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2017 Cardiovascular Research Day Abstract Book

3 Improving Patient Care

3 Improving Patient Care on Left Ventricular Assist Device Support: Novel Outcome Predictors & Preventative Therapies Tara Shrout 1 • Travis Sexton, PhD 2 • Susan Smyth, MD, PhD 3 1College of Medicine, University of Kentucky • 2 Saha Cardiovascular Research Center, University of Kentucky • 3 Chief, Division of Cardiovascular Medicine, University of Kentucky Medical Student Background: Left ventricular assist device (LVAD) implantation is an increasingly common and important intervention for heart failure. Despite advancements, implantation introduces a foreign body across which blood experiences aberrant sheer stress. Clinical complications of bleeding and stroke develop secondary to an acquired coagulopathy, and patients’ quality of life is an important outcome to consider. This study uniquely correlates early platelet function and biomarkers alterations with clinical outcomes, as well as patient quality of life measures to help predict, address, and explore complications with LVAD support. Objectives: 1. Evaluate correlations between predictive measures of platelet function, biomarkers, laboratory trends with clinical complications outcomes and LVAD types. 2. Characterize the role of a novel hemostatic agent as a preventative therapy for bleeding. 3. Understand patients’ quality of life on LVAD support. Design: March 2014-August 2016, 68 enrolled patients underwent implantation of Heartmate II (n= 48), Heartmate III (n=2), Heartware (n=18). Blood collections: 24-hours preoperatively and 1-, 24-, 72-, and 168-hours postoperatively. Follow-up collections: between 30-90-days postoperatively. Platelet function analyzed via impedance aggregometry, five agonists, and novel hemostatic agent. Biomarkers of coagulation, platelet activation, and inflammation analyzed. Daily clinical data collected. Participants: Consecutive-based sample. Sociodemographics: age, gender, ethnicity, co-existing conditions collected. Eligibility: First-time LVAD implant. Exclusion: Age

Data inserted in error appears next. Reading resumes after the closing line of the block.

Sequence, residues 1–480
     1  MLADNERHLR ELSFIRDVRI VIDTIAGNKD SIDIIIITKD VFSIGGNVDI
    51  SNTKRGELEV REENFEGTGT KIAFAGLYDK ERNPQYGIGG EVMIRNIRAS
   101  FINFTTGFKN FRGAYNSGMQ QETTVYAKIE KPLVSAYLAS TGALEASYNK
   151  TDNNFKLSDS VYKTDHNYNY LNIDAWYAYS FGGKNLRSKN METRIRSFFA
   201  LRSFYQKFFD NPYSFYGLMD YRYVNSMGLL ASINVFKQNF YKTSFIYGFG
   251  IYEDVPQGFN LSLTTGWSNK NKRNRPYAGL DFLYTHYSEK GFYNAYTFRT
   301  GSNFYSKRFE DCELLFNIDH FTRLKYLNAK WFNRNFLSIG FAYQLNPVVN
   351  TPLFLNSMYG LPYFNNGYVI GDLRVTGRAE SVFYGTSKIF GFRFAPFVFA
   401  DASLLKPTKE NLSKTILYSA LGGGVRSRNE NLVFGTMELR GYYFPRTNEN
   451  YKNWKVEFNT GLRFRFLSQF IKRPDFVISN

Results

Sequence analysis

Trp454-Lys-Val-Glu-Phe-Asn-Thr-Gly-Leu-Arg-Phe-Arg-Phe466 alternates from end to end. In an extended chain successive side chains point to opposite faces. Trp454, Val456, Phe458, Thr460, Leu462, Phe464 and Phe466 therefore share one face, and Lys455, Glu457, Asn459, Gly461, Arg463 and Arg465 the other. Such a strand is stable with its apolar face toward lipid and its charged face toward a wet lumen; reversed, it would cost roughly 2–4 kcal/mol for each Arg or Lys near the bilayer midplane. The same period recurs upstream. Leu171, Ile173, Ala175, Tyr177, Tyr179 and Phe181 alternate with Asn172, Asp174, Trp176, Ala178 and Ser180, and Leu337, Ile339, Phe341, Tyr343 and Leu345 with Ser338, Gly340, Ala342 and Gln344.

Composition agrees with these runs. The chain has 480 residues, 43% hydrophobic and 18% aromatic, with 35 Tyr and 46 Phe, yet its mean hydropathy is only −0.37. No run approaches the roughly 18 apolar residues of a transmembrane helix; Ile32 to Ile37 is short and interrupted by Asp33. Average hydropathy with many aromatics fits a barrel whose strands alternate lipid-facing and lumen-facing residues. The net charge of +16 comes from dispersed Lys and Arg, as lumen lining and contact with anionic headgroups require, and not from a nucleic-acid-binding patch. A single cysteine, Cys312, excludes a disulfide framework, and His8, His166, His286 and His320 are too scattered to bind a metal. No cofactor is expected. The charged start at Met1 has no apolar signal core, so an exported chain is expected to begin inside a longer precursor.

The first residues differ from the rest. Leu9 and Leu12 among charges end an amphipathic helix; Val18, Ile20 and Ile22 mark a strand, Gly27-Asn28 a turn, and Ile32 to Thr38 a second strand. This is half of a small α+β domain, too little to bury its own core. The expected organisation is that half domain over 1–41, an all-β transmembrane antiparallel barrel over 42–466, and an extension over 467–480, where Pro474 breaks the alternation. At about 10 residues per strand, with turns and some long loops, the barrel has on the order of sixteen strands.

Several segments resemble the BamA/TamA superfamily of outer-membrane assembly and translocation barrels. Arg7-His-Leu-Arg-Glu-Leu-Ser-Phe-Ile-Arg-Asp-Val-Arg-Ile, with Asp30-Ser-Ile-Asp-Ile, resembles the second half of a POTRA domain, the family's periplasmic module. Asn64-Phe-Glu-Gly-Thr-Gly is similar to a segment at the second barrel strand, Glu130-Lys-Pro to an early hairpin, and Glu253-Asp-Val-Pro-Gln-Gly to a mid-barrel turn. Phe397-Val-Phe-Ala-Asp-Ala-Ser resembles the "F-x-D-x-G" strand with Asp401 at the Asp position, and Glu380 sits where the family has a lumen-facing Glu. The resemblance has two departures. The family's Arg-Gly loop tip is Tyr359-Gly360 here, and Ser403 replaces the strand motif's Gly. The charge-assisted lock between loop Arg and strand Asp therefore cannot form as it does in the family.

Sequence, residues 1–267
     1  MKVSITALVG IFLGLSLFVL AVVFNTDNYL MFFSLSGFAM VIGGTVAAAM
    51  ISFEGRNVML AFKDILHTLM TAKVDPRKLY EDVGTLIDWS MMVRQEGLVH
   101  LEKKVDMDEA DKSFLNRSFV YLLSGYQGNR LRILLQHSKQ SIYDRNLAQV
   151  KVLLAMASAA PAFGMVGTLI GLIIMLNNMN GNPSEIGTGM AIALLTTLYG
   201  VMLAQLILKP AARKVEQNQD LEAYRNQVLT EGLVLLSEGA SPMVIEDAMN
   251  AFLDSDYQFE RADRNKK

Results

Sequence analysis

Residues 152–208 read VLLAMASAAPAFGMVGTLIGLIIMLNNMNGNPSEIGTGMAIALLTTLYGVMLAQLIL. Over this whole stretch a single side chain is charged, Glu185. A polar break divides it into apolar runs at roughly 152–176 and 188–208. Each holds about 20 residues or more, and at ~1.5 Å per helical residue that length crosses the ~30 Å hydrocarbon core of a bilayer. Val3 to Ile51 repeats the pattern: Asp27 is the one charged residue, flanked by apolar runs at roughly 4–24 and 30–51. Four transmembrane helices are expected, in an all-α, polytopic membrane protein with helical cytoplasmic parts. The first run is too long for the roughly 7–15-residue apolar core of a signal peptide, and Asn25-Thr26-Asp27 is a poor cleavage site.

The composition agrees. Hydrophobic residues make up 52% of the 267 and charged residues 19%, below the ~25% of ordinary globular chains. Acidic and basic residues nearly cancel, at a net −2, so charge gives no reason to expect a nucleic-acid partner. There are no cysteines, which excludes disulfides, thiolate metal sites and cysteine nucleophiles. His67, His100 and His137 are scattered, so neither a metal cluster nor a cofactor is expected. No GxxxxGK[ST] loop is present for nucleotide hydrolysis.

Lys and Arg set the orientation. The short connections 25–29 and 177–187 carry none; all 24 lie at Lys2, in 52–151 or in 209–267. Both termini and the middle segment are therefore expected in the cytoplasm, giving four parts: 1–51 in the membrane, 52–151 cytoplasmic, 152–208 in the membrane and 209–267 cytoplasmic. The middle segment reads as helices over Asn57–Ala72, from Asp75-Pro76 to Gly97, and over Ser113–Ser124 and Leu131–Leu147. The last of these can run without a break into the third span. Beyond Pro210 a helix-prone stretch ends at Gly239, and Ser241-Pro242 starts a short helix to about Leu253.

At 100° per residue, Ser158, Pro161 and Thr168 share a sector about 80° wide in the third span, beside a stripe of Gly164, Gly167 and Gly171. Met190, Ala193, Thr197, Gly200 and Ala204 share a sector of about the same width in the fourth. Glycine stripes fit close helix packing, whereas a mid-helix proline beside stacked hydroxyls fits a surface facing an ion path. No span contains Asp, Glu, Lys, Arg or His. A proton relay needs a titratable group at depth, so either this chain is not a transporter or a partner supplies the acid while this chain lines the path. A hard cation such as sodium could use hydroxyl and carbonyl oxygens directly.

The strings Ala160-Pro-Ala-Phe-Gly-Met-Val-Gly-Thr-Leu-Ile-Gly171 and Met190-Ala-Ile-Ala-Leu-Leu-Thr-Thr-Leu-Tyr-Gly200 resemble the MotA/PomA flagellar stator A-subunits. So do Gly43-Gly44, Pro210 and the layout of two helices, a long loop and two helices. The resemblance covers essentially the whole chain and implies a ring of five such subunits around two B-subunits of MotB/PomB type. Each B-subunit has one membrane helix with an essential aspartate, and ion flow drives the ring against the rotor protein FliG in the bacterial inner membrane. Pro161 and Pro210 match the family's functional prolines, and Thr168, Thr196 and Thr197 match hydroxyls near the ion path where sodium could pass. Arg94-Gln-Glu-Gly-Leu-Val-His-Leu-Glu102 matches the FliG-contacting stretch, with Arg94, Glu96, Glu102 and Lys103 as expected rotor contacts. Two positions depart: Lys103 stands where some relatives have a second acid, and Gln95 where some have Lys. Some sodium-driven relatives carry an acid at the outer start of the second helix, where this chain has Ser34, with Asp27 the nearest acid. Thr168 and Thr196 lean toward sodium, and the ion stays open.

4 Identification of a Lipid Signature in Clear Cell Renal Carcinoma (ccRCC) Suggest a Role of Phosphatidylinositol Remodeling in Disease Progression Chase Neumann 1 • Renliang Zhang, PhD 1 • Christopher Przybicin, MD 2 • Brian Rini, MD 3 • Mark Brown, PhD 1 1Cellular and Molecular Medicine, Cleveland Clinic • 2 Robert J. Tomsich Pathology and Laboratory Medicine, Cleveland Clinic • 3 Hematology and Oncology Taussig Cancer Institute, Cleveland Clinic Graduate Student The most lethal urological cancer and third most common urological cancer in the United States is clear cell renal carcinoma (ccRCC). Approximately 64,000 individuals in the United States are diagnosed with ccRCC annually, and more than 140,000 individuals die worldwide of ccRCC every year. The “clear cell” characteristic of this deadly kidney cancer is due to abnormal deposition of lipids in a large unilocular lipid droplet in cancer cells, and urinary biomarker studies have identified lipid droplet-associated proteins as predictive markers of disease progression. However, the mechanisms by which lipid metabolism impacts ccRCC progression are not well understood. We hypothesized that a group of mitogenic lipids exist within the ccRCC microenvironment that promote proliferation and metastatic potential. A high throughput Triple Time-of-Flight (TOF) LC- MS/MS lipidomics screen of metastatic ccRCC tumor samples and matched non-tumor adjacent tissue identifies a highly reproducible lipid signature of ccRCC. In agreement with previous reports, cholesteryl esters are increased in the tumor vs non-tumor. We also found a striking increase in phosphatidylinositol (PI) 36:4 and 34:1 in tumors. Membrane bound O-acyltransferase domain containing 7 (MBOAT7) is a lysophosphatidylinositol (LPI) acyltransferase that preferentially utilizes arachidonyl-CoA and 16:0 LPI as substrates. To further investigate the formation of 36:4 PI, an MBOAT7 product, we used TCGA datasets to analyze stage-specific expression of MBOAT7. MBOAT7 expression was found to increase with staging. This potential increase in phosphatidylinositol production, coupled with decreases in known phosphatase activity like PTEN, SACM1L, and MTM1 may lead to increased activation of the PI3K/Akt signaling activity. The impact of this work may suggest mechanisms why some patients are refractory to PI3K/mTOR inhibitors, while a small percentage (

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